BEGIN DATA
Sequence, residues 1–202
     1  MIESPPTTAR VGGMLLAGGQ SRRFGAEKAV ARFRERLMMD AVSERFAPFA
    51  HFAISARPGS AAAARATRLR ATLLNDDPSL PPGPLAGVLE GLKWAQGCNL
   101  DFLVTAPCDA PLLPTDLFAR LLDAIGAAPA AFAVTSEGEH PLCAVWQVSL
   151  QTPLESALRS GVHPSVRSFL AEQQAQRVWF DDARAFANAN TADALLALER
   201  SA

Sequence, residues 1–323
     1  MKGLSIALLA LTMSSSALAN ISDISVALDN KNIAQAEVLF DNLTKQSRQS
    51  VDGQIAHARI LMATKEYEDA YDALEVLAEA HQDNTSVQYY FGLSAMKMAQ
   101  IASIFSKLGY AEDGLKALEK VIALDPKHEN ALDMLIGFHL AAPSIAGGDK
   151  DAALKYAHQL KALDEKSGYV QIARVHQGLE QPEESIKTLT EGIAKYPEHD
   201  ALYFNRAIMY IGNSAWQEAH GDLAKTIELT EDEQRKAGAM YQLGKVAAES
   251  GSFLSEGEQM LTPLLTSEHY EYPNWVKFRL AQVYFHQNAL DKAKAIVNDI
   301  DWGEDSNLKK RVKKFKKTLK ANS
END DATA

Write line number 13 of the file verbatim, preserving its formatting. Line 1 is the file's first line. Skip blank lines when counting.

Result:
   251  GSFLSEGEQM LTPLLTSEHY EYPNWVKFRL AQVYFHQNAL DKAKAIVNDI